Tightly-closed container. A tightly-closed container protects the contents from contamination by extraneous liquids, solids or vapours, from loss or deterioration of the article from effervescence, deliquescence or evaporation under normal conditions of handling, shipment, storage and distribution. A tightly-closed container must be capable of being tightly re- closed after use. Where a tightly-closed container is specified, a hermetically sealed container may be used for a single dose of an article. A gas cylinder may be considered to be a metallic, tightly-closed container designed to hold gas under pressure.

Well-closed container. A well-closed container protects the contents from extraneous solids and liquids and from loss of the article under normal conditions of handling, shipment, storage and distribution. ( IP-2007)

3. CONTAINERS FOR PHARMACEUTICAL PRODUCTS
This is deals with the specific requirements, guidance and information on containers used for packaging pharmaceutical products. The materials that are used in the manufacture of containers, particularly plastic containers, the raw materials and additives used and the formulations employed should be agreed with the users of the containers. Any changes should also be notified to the users from time to time to enable them to ensure the stability and safety of the drugs packed in the containers. ( IP-96-2007)

4. GLASS CONTAINERS
Glass has been used for over 6000 years, dating to incient times. Though the years and with more knowledge of its technology, glass has become the most widely used drug packaging material. (Willy Sindey H.)

Glass, originally the most widely used drug packaging material, is still favored for many drug packages because of its transparerancy, its excellent resistance to attack by most liquids and its total impermeability to glass. (Wilmer A. Jenkinns)

Glass containers may be colourless or coloured. Neutral glass is a borosilicate glass containing amounts of boric oxide, aluminum oxide, alkali and/or alkaline earth oxides. It has a high hydrolytic resistance and a high thermal shock resistance.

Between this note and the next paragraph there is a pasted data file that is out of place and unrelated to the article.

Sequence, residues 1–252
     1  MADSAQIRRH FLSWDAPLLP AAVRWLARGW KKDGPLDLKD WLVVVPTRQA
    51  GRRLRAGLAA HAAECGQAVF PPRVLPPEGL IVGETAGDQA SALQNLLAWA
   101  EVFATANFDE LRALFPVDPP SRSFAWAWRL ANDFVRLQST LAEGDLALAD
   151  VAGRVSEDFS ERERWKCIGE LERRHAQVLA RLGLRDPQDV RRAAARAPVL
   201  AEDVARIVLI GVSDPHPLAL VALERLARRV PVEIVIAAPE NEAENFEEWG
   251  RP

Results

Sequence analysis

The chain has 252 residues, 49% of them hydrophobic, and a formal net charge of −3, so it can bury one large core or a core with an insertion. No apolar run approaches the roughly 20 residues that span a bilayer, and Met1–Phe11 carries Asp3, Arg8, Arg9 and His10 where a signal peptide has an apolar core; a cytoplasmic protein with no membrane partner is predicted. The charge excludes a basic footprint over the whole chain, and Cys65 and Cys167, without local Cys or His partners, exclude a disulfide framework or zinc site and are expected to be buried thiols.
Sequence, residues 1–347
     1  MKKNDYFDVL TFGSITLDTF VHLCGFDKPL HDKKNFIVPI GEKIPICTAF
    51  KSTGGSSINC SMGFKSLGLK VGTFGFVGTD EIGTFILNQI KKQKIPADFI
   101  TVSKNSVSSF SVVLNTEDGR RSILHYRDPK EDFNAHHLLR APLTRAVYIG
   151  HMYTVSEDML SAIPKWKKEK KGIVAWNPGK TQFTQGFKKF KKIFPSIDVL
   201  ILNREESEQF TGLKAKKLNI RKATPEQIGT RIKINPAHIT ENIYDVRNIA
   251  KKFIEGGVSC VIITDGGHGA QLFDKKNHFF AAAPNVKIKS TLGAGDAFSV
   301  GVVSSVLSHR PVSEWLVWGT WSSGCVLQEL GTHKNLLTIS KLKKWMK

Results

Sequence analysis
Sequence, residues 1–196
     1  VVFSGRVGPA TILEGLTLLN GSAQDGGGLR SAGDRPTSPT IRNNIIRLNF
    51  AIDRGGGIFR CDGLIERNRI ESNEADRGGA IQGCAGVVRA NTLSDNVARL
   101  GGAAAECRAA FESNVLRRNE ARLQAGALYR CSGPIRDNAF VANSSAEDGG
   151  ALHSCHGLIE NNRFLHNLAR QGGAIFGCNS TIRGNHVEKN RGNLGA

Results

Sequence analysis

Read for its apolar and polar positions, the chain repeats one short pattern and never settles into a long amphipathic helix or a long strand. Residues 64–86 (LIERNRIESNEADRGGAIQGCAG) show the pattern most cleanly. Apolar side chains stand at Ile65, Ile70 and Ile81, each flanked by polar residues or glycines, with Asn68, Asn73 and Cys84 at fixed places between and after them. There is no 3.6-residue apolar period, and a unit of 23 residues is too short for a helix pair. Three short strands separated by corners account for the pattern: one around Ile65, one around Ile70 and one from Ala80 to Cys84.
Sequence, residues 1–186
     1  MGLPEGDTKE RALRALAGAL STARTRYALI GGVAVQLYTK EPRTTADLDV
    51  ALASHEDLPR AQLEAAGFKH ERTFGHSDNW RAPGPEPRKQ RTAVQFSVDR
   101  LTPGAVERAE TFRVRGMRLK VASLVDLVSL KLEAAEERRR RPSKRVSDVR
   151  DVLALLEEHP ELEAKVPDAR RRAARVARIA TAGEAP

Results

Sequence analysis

Soda-lime-silica glass is a silica glass containing alkali metal oxides, mainly sodium oxide and alkaline earth oxides, mainly calcium oxide. It has only a moderate hydrolytic resistance.

According to their hydrolytic resistance, glass containers are classified as:
Type I-Borosilicate Glass.
In this highly resistant glass, a substantial part of the alkali and earth cation are replaced by boron and/or aluminum and zinc. Glass containers which are of neutral glass, with a high hydrolytic resistance, suitable for most preparations whether or not for parenteral use,

Type II- Regular Soda-Lime Glass. Glass containers which are usually of soda-lime- silica glass with high hydrolytic resistance resulting from suitable treatment of the surface. They are suitable for most acidic and neutral, aqueous preparations whether or not for parenteral use.

Type III-N-General-purpose Soda-Lime Glass. Glass containers which are usually of soda- lime-silica glass with only moderate hydrolytic. (IP-96, IP-2007, Leon Lachman)

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4.1. Problems Associated With Glass Containers

Sorption
When formulation components are removed by a package two different processes are involved: adsorption onto the surface and absorption into the package wall by diffusion. A component may also desorbs from the outer surface of the package and pass into the atmosphere if it is volatile enough. Strong adsorption or absorption requires a strong chemical interaction between the component and the packaging material in addition, for a high level of absorption the packaging material must be permeable to the component. Glass has a chemically active surface but is an absolute barrier so that while adsorption can be strong, no absorption occurs.

4.2. Glass Containers for Injectable Preparations
Glass containers intended for injectable preparations may be ampoules, vials or bottles. The glass used in the manufacture of such containers complies with one of the requirements for hydrolytic resistance given below. There are three types of glass that are suitable for use. The types are distinguished by the resistance to water attack of new (not previously used) glass containers, the degree of attack being determined by the amount of alkali released from the glass under the conditions specified.